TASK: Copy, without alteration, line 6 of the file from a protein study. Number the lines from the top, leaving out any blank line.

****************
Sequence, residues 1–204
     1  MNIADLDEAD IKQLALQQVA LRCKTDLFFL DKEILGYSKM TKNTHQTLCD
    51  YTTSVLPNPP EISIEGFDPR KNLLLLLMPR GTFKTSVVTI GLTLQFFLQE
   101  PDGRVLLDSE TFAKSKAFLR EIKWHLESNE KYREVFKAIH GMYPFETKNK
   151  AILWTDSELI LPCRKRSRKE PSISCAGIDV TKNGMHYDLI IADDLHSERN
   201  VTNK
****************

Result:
   201  VTNK